17. Morgan Bailey Keaton: Don’t be afraid to give without receiving financial gain (yes, especially when you’re a beginner, but I don’t believe anyone should forget this). Our entire business isn’t about money; if you donate your VO services for a great project, those you worked with will remember your dedication and passion to your work, and will think of you when they have a budget.
  18. Frank Baum: Bring talent to the table, follow with study/learn of the business of the business, do what you do really well and learn more, expect everything to keep changing, don’t kill your talent doing what you don’t want to do.
  19. Talmadge Ragan: Be accountable – to your clients, yourself, your profession and community.
  20. Paul J. Warwick: Play to your uniqueness.

So what’s missing from this list? What’ve you been doing that’s been effective for you?

Comments on this entry are closed.

  • Terry Daniel January 4, 2012, 1:45 pm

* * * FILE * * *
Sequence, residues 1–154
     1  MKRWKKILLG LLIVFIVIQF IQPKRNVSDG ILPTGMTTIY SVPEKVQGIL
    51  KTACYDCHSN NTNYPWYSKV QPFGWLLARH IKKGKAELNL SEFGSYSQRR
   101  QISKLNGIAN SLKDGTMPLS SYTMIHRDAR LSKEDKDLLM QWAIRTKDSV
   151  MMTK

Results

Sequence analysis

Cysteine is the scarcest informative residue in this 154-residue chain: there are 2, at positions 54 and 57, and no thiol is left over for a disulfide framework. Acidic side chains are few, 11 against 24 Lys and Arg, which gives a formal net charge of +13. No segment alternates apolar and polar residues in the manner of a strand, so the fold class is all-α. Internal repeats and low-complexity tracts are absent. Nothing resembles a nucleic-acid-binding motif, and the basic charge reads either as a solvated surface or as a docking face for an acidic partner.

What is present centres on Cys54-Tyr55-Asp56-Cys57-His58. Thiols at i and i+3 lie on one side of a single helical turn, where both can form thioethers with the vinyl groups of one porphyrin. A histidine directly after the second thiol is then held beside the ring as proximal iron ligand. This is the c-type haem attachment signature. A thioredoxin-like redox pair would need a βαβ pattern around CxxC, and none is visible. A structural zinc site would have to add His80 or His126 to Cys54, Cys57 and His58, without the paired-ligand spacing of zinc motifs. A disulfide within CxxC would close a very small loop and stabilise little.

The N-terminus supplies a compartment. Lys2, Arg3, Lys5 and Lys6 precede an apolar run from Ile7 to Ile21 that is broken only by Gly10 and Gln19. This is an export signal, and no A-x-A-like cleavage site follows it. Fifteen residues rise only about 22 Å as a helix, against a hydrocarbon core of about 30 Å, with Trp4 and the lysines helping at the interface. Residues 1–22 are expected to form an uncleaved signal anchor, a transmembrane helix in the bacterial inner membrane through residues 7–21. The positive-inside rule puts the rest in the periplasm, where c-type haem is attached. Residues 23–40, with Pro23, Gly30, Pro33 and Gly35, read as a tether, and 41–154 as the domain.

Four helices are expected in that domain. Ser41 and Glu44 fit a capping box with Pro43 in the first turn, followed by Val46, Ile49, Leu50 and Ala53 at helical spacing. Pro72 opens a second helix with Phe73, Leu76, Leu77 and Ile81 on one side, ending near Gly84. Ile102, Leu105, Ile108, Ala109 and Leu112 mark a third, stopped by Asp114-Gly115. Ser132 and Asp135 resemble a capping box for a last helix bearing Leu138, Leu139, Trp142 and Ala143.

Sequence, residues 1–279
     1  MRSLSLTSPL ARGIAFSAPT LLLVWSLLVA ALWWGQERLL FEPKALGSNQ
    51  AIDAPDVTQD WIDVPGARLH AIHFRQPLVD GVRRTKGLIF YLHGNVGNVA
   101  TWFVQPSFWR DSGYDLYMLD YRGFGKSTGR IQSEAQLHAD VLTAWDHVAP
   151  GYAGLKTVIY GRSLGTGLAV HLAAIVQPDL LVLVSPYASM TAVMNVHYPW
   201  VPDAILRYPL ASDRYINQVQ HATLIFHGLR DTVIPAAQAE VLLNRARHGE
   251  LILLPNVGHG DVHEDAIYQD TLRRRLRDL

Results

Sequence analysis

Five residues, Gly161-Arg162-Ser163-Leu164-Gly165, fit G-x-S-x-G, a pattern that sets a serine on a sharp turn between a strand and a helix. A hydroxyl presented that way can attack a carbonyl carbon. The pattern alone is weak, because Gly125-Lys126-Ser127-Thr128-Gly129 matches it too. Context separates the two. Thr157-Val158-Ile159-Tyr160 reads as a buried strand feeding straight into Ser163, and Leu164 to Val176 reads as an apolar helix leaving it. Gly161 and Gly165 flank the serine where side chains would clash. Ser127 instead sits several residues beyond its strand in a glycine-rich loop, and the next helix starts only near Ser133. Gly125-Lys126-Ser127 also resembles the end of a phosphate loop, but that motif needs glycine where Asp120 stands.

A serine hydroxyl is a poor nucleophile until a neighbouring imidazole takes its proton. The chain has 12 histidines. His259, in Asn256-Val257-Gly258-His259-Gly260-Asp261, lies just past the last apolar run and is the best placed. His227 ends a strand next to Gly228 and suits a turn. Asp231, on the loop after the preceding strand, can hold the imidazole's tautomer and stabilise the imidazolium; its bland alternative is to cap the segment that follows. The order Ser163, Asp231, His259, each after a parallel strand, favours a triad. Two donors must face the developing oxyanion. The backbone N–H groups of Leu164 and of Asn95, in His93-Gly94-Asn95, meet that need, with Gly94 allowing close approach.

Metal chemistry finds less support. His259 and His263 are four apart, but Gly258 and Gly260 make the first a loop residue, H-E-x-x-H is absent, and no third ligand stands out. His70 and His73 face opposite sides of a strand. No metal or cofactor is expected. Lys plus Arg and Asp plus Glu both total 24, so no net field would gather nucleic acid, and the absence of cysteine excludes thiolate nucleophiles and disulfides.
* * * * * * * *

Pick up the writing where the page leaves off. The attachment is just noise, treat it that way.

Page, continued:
Another superb article, Doug!  

  • Rick Lance January 4, 2012, 2:34 pm


    Great to read your thoughts here! I think we’ll all have specific points you’ve made that we’ll focus in on.
    Like… nailing down your niche. I like they way you expressed that a good strong niche or signature sound, coupled with marketing/branding efforts that are true to your sound, will simplify things for your client or prospective clients. They’re busy people too. For most of us it’s easier to categorize a sound or service that we can go to when the need arises.

    It was a great idea to get other talent involved with is article too. It gets everyone in the VO community thinking and helping each other. Kind of rounded out the whole message of your post!

    Thanks for writing!

    • Doug Turkel - Voiceover Talent January 4, 2012, 5:52 pm

      I think you’re right, Rick…since we’re all at different points in our careers, certain items on the list are likely to resonate mor with certain people. And since you know what a big believer I am in the Mastermind/FaffCon/Community Sharing concept, I’m always glad to have the chance to bring people together.

  • Connie Terwilliger January 4, 2012, 3:20 pm

    Brilliant – I saw the call for comments for this article and missed the window of opportunity, but reading the article and the comments, I really can’t add much to this.